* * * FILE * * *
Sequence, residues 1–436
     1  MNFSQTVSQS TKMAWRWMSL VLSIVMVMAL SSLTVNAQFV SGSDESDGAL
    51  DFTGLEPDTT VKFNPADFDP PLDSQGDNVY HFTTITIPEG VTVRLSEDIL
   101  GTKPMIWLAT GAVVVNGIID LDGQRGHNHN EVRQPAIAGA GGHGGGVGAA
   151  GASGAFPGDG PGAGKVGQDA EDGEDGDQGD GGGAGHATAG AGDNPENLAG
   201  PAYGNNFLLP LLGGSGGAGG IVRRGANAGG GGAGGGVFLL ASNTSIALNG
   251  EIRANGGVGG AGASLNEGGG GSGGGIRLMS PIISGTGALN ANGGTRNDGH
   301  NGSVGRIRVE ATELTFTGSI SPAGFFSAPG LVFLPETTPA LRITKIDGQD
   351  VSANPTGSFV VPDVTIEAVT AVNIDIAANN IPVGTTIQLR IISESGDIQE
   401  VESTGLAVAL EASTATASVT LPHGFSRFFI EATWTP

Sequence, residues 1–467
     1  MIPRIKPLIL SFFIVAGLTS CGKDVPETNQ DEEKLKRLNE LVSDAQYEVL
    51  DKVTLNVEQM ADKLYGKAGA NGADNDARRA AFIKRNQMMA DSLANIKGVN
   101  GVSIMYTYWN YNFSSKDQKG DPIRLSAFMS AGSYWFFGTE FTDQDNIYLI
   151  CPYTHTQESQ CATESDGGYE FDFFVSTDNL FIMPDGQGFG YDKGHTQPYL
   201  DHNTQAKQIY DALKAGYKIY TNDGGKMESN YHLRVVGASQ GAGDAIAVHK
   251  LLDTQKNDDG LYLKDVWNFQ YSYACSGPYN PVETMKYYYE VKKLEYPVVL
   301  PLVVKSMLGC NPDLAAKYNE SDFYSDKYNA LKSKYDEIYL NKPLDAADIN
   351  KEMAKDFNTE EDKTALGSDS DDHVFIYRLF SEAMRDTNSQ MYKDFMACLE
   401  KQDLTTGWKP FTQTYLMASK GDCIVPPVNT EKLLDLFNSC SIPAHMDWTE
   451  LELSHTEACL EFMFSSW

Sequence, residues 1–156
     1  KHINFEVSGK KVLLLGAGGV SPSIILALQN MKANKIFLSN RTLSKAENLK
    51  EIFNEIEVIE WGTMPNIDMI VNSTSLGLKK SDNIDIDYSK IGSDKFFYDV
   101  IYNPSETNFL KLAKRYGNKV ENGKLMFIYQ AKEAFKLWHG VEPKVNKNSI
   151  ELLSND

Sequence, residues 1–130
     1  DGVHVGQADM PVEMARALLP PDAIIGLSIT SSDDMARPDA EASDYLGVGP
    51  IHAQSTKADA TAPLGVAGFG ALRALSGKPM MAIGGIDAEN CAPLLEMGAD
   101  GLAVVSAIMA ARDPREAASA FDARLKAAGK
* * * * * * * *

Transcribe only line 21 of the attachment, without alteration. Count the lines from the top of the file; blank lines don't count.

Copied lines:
   451  LELSHTEACL EFMFSSW